The merit of teacher pay reform

This report follows two roundtable seminars held by Reform in Summer 2013 and contains a review of the events that took place, commentary from leading head teachers, and a summary of the findings.

Performance related pay in schools is a good idea:

  • The best schools already use pay to incentivise performance, with most awarding teaching and learning responsibilities to good teachers. Academies and free schools go further by offering performance and retention bonuses
  • There is strong support for rewarding teachers for good performance
  • It is right that schools are able to design and implement their own pay policies, in line with greater autonomy for schools
  • Introducing performance related pay will force schools to improve the quality of performance management of staff, which could in turn improve pupil outcomes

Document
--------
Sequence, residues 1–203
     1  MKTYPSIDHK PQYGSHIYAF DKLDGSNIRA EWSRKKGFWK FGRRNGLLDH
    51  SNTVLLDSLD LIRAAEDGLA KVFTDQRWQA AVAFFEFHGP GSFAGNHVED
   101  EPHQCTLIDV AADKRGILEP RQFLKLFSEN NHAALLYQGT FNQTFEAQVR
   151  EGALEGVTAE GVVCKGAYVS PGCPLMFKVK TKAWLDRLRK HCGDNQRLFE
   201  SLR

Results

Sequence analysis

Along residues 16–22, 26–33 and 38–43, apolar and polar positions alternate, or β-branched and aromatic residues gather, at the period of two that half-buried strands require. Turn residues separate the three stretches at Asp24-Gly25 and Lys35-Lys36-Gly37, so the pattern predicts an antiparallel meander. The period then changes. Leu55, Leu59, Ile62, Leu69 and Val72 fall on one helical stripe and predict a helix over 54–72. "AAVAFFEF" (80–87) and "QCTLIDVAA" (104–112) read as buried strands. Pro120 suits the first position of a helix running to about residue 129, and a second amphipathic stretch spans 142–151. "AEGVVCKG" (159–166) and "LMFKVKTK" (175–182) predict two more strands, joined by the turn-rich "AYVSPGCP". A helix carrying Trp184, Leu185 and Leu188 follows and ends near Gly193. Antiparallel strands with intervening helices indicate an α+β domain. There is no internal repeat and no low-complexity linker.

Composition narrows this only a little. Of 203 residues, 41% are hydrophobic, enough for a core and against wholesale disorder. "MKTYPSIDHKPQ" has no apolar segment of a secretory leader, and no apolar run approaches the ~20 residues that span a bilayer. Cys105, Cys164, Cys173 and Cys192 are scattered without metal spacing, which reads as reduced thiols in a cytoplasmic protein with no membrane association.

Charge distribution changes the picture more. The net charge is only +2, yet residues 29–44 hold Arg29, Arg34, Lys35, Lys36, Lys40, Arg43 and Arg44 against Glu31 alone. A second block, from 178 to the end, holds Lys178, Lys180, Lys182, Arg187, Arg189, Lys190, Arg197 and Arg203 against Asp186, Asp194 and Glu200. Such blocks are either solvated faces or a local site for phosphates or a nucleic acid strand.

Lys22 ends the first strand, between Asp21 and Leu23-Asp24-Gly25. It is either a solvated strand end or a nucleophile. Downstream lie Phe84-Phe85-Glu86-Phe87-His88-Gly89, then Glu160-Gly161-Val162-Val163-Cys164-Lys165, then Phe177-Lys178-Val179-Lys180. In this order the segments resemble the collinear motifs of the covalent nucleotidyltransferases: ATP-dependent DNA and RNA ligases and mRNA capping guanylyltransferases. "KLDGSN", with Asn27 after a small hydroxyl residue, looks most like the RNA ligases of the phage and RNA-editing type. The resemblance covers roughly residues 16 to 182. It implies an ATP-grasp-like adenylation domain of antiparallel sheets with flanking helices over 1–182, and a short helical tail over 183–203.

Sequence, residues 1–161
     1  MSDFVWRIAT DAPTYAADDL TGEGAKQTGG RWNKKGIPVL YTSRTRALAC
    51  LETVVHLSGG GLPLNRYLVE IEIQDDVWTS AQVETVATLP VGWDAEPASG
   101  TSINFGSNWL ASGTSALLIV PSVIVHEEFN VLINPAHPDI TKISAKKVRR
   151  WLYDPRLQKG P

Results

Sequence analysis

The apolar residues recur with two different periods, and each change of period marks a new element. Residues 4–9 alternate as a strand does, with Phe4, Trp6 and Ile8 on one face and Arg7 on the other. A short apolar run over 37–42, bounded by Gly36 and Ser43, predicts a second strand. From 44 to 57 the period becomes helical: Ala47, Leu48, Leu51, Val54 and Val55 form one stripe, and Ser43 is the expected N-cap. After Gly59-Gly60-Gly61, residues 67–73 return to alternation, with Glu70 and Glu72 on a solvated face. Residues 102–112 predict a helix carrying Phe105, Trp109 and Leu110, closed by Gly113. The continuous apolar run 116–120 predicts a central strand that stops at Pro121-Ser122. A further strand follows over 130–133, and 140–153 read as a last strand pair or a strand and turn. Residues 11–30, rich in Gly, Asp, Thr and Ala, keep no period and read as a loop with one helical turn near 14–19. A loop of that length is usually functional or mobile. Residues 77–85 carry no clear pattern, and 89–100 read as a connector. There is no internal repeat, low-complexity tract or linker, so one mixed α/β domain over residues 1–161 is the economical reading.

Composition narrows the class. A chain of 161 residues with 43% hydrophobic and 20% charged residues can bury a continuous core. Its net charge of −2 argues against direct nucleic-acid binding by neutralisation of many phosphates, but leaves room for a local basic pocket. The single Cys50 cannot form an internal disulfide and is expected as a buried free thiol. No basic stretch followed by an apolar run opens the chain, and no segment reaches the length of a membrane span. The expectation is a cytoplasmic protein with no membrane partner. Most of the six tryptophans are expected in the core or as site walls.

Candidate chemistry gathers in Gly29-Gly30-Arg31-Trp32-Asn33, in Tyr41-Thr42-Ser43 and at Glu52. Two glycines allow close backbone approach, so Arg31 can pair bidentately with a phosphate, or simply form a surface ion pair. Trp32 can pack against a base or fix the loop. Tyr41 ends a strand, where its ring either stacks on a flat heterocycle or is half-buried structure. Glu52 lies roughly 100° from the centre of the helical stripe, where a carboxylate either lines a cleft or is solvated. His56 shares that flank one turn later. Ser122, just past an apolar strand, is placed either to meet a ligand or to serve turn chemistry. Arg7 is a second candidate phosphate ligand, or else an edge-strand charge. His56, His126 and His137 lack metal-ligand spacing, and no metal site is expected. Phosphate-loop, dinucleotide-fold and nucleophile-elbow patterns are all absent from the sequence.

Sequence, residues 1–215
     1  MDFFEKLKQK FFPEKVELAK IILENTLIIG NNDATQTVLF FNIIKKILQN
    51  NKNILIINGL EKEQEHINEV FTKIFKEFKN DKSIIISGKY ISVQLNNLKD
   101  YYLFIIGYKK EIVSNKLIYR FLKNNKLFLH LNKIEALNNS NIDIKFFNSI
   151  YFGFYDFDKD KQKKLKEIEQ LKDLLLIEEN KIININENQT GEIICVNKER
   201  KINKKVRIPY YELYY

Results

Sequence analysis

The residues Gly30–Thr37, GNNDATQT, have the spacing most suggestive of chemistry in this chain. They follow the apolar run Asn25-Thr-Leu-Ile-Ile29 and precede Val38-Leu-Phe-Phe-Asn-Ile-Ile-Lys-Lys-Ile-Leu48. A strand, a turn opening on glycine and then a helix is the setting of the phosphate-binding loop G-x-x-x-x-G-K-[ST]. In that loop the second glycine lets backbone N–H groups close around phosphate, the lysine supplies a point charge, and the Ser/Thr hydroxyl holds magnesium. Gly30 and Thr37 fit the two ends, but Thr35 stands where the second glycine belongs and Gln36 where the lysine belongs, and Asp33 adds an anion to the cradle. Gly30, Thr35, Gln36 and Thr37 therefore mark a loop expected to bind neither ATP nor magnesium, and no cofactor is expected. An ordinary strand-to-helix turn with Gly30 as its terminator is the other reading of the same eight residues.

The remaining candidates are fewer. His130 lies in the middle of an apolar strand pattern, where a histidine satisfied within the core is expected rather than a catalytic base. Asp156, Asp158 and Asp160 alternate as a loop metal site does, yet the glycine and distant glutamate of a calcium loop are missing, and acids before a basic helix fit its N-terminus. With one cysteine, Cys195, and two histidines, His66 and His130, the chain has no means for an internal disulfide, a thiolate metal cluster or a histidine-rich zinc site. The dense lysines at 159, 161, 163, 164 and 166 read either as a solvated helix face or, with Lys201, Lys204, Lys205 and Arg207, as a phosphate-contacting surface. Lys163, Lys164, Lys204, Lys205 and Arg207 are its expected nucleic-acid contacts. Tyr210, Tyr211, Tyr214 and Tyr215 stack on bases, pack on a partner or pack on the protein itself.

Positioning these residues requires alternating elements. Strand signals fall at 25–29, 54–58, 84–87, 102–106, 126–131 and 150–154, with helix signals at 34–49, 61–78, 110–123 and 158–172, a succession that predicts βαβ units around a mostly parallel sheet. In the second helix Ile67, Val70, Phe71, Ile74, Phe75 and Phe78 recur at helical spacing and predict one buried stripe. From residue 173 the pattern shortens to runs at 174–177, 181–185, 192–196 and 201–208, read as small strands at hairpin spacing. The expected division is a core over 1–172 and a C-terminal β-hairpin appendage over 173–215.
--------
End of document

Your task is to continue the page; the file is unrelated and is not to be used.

This has been a busy summer break for schools as they finalise new pay and appraisal policies. Since Michael Gove became Secretary of State for Education in 2010 there has been a wave of reforms aimed at driving up standards in English schools. Delivering more autonomy to schools has been central to this agenda. The Academy and Free School programmes have expanded rapidly, and many of the freedoms that the schools enjoy, such as flexibility to set the school day and term dates, are being extended to all schools. Freedom to choose how and what to pay teachers is another freedom to have been extended. Following the Government’s acceptance of the School Teachers’ Review Body (STRB) recommendations to link teachers’ pay more closely to their performance, all schools must set out how pay progression will be linked to a teacher’s performance, starting this academic year. The first performance-linked pay increases will then be made from September 2014 and Ofsted will be monitoring implementation in schools.